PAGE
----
Pubblicato il 30/05/2024

Understanding your customers’ real value: The importance of Cost to Serve (CTS) analysis

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Introduction

To understand the real value of customers to your business, it is crucial to know how much it costs to serve them. Many business owners think they are aware of these costs but often struggle to answer key questions such as:

 

  • Are your prices and service levels well aligned with costs? 

  • Can you identify margins at the product level? 

  • How do different regions impact your profitability? 

 

Answering these questions with thorough awareness is very important to understand if you are generating revenue at your full potential and if you have your true expenses under control. There is indeed an underlying anxiety and fear surrounding the topic, so in this article we have decided to guide you through Cost to Serve (CTS) analysis and provide practical tips to understand the true cost of serving your customers. 

 

Why is Cost to Serve analysis important?

Most business owners have a general sense of their sales and profits but are unaware of key aspects, like whether their largest customers are more or less expensive to serve compared to their smallest ones, how the cost of sales varies by region, or how to set pricing for different customer types. Gaining a deep and detailed level of understanding through a Cost to Serve (CTS) analysis is a gateway to new opportunities, because not only will supply chain managers better understand resource allocation, but marketing managers too will be able to drive growth in a smarter way. For example, after conducting a Cost-to Serve analysis, the business might see that there are margins to reduce road freight costs because these are too high for a specific customer segment. In this case, a solution could be to diversify shipping carriers, in order to leverage regional shipping discounts.

 

Your aim is to decrease your cost of service

As your business expands, your objective should be to decrease your cost of service. This can be achieved through 3PL partnerships, by streamlining processes, or leveraging technology. Here are some tips to get you started!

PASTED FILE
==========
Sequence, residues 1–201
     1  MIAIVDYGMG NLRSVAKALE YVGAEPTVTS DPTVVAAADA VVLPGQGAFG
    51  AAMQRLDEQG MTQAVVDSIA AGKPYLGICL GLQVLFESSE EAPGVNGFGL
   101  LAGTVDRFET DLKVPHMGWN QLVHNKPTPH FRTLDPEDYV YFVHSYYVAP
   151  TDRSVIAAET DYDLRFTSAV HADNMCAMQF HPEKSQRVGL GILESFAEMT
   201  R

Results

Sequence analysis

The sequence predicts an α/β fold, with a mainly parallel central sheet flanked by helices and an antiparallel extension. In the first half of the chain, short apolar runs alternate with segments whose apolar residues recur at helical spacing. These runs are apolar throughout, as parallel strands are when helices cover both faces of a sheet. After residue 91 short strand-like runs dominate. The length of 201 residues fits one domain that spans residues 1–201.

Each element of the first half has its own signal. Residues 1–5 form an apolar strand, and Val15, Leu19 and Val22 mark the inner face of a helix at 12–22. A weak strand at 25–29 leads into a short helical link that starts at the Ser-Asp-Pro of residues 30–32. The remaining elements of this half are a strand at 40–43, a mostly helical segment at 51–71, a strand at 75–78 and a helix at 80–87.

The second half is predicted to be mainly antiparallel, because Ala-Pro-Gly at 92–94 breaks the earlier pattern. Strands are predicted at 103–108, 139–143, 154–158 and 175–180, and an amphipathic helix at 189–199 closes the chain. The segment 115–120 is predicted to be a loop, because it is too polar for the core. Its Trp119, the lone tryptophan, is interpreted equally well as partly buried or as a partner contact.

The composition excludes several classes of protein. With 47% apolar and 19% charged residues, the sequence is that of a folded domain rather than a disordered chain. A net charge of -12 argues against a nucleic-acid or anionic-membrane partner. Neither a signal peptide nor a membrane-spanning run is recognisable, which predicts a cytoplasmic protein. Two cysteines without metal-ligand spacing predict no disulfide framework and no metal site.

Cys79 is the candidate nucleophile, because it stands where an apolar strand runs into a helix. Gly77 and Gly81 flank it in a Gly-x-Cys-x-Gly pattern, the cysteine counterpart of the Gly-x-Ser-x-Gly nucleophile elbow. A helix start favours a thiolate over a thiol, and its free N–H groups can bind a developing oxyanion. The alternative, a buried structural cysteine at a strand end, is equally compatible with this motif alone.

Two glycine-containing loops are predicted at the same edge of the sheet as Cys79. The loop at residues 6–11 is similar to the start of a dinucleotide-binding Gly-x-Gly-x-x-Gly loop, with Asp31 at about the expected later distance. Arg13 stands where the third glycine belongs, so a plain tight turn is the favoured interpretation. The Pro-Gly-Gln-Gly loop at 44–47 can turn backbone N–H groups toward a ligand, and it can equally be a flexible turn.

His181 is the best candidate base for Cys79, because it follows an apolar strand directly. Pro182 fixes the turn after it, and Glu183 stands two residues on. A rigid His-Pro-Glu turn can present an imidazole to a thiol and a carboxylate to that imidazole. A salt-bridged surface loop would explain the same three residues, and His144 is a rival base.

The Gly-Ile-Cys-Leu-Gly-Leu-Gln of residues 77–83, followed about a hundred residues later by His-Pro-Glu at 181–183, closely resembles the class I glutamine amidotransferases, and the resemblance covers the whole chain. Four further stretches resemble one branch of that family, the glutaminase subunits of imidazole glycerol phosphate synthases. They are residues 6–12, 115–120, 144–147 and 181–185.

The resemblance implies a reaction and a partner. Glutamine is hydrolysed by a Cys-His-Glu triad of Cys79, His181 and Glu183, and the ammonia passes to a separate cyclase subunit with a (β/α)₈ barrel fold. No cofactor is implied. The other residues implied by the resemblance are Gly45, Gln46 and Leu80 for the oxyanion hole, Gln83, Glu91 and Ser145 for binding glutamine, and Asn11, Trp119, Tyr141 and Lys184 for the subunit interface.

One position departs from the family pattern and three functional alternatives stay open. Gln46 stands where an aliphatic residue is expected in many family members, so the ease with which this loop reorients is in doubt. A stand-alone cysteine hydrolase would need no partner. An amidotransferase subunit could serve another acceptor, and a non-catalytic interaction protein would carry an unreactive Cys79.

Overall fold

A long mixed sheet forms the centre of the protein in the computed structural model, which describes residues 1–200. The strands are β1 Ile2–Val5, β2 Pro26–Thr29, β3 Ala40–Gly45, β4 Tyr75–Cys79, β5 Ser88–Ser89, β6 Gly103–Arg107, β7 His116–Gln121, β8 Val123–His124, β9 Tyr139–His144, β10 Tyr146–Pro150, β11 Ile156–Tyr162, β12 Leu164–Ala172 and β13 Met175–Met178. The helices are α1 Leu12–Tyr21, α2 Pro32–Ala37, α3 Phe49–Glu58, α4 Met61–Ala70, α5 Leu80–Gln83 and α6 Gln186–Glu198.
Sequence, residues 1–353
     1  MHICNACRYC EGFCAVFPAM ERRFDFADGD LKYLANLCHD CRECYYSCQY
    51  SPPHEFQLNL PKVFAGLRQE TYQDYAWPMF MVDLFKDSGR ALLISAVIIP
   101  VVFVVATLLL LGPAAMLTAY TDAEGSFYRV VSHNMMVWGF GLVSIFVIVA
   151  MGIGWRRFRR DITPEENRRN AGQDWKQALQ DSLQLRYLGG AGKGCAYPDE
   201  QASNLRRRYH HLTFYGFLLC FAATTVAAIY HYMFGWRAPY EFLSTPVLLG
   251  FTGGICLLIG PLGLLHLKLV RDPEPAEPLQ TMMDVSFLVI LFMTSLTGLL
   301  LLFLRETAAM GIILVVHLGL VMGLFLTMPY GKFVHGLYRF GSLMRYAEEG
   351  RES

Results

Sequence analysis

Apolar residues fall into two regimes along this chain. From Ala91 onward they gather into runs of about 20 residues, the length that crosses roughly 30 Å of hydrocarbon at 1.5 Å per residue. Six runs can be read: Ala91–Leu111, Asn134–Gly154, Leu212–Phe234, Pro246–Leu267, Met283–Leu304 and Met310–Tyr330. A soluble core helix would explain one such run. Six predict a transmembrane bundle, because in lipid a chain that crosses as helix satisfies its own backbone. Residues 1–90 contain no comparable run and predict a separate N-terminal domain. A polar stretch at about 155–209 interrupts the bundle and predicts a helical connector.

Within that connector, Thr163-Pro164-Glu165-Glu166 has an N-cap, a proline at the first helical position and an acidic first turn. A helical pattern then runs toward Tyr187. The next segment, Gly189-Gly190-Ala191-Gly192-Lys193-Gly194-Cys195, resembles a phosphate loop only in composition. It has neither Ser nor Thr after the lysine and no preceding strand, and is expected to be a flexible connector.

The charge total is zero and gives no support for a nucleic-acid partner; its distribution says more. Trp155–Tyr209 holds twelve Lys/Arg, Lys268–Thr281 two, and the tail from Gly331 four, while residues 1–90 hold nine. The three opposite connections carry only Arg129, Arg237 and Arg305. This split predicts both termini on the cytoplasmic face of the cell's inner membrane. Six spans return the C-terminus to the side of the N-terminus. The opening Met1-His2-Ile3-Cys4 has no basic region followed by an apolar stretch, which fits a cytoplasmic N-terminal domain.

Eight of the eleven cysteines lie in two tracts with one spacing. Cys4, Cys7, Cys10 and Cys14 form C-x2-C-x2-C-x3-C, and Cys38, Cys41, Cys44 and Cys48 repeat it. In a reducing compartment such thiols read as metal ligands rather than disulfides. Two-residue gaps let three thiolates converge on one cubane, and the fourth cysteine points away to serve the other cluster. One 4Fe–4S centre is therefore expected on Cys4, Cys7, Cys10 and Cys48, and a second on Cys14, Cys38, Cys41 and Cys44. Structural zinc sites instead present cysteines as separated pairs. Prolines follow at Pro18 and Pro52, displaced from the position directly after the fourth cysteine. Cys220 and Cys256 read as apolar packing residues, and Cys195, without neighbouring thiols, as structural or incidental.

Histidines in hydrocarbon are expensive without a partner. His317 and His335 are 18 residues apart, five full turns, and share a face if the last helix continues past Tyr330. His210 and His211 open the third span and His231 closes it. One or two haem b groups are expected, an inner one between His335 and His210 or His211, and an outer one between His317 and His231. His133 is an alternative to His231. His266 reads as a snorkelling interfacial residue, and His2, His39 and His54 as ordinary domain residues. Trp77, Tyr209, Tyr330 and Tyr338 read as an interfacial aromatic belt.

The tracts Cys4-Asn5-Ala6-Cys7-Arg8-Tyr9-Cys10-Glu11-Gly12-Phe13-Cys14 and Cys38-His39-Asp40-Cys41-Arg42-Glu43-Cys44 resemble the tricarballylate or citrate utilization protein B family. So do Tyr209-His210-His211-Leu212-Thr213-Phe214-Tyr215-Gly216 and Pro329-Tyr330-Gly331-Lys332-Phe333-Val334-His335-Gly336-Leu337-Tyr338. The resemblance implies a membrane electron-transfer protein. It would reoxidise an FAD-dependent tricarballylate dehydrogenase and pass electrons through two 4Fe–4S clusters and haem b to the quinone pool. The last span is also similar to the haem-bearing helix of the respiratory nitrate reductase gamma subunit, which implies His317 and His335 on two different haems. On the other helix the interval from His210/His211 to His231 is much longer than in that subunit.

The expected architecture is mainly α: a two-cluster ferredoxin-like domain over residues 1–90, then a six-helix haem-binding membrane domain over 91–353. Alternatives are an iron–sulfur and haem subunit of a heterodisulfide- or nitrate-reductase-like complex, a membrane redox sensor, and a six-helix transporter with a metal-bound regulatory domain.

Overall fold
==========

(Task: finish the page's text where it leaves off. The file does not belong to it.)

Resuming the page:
How to calculate and conduct a Cost to Serve analysis

As for all things, calculating and analysing Cost to Serve depends on the industry you operate in and your objectives. First of all, try to understand which resources you are using to support your existing customer base. Generally speaking, expenses are categorised in two types:

  • Direct costs: these can be the cost of shipping, sourcing materials and staff. 
  • Indirect costs: These costs are not directly associated with serving a customer and therefore less traceable but still required to support customer relationships, like maintenance, rent, utilities, or software expenses.

 

The formula to calculate cost to serve is the following:

Cost to serve= Total cost of serve / number of customers

 

Cost to Serve analysis: a case study

To understand the relevance of conducting a Cost to Serve analysis, let’s look at it in the context of ecommerce. For an ecommerce business, typical costs of serving customers can include website and platform costs, product acquisition costs, logistics costs, sales and marketing costs, and customer service costs. Understanding the Cost to Serve could help prevent profit leakage and enhance operational efficiency. Let’s look at an ecommerce business that sells electronics accessories. We’ll highlight how a simple change can significantly improve profitability.

 

Warehouse observations 

The product in focus here is smartphone cases, which are popular items frequently ordered individually by customers of the shop. The cost structure associated with shipping these cases individually reveals a series of inefficiencies. What are the cost implications of such shipping practices?

 

Breaking down the costs

Let’s say the express courier alone costs €7 per order, with warehouse handling costs adding another €5, this means each order has a total cost of €12.
These smartphone cases are being sold for just €5 per pair, leading to a clear loss of €7 per order.

 

The solution is simple

To address such issues, the business can introduce a simple strategy, namely offering free shipping for a minimum order quantity, for example if customers purchase three smartphone cases. This strategy spreads the fixed costs over several items, thus reducing the per-unit cost. Essentially, 2 cases get a free ride with each shipment.

 

Conclusion

For business owners it is extremely important to reflect on their supply chain operations and identify which processes are costing more than they should. After breaking down and conducting a Cost to Serve analysis of each step of serving customers, good news is there are always solutions that can be found and strategies to reduce per-unit-costs. This will improve profitability by aligning customer behaviour with more efficient processes.



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